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Delegates who participated in the first bricklaying training course held at the new Corobrik bricklaying training centre

Delegates who participated in the first bricklaying training course held at the new Corobrik bricklaying training centre

Corobrik has opened a new bricklaying training centre at its Lawley factory in Gauteng. It is one of three training centres countrywide that provides opportunities for unskilled South Africans to acquire the fundamental expertise they need to secure work in the building industry.

More than 2000 people have already graduated from the company’s training schools in Durban and Cape Town, and at the company’s former Midrand facility.

“Skills development remains a key priority in South Africa and Corobrik is committed to playing a meaningful role in this process,” says Berkley Petty, Human Resources Development Manager for the brick manufacturer which has been in operation for more than a century.

“Corobrik’s three building training centres are designed to provide unskilled workers in both the public and private sectors with recognised qualifications in bricklaying, blocklaying and segmental paving disciplines, providing fundamental skills to the construction industry.”

The training centres offer a variety of courses ranging from basic bricklaying to learnerships. The bricklaying training centres are accredited by the Construction Education and Training Authority (CETA) and run NQF accredited courses. Training is conducted in groups both at the centre or on site, combining theory with practical implementation.

A number of major construction companies as well as the Department of Public Works and Transport have enrolled learners in Corobrik’s bricklayer training programmes.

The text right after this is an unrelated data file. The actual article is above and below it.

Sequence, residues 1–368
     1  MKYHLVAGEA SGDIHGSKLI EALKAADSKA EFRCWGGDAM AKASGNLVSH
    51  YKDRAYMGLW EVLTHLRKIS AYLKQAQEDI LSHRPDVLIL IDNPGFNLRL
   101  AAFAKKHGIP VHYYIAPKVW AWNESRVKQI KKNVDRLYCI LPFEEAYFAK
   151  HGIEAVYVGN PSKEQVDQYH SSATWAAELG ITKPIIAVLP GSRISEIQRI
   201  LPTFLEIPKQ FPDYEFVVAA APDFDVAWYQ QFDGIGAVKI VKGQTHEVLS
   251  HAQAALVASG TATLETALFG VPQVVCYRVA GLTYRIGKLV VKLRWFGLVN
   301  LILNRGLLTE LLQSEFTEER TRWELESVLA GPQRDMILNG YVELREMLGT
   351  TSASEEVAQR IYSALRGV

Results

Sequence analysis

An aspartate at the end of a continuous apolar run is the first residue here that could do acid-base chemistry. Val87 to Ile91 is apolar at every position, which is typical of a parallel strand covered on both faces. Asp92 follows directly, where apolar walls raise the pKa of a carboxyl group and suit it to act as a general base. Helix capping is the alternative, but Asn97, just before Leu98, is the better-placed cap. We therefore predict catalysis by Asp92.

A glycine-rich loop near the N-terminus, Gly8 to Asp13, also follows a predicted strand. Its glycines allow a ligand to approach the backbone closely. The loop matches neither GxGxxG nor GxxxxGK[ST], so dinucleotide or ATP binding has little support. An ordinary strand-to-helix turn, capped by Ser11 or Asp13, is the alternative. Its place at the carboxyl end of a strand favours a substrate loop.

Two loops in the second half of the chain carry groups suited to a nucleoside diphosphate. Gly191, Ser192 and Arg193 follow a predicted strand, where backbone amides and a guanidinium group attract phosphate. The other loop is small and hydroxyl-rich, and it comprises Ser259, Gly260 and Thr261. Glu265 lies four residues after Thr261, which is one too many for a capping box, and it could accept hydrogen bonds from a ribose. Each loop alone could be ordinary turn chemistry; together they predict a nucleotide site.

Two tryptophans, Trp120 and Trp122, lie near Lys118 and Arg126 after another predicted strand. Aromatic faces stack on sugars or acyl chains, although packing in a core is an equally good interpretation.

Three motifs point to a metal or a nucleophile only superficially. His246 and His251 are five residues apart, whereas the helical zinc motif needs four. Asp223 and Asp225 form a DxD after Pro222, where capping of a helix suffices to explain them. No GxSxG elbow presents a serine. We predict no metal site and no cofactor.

The progress and skills levels of each student are monitored and recorded – during both their theoretical and practical training. Those with strong technical aptitudes and those that show initiative are encouraged to go further with their training.

“Once they have completed the courses, the learners are in a better position to find gainful employment with government or construction companies and many have gone on to establish their own enterprises,” says Petty.

The Bricklaying Centres are not run on a profit basis but rather to cover costs so as to help make the training affordable to the learners.

According to Petty, it is all about helping people attain the skills they need to earn a living. This is in line with government’s appeal for business, labour and communities to work together to help meet the New Growth Path objective of creating five million jobs by 2020 and reducing the unemployment rate to 15%.

“The building training centres are also an integral element of Corobrik’s multi-faceted Broad Based Black Economic Empowerment initiatives to help lay the foundation for a prosperous future for South Africa.”

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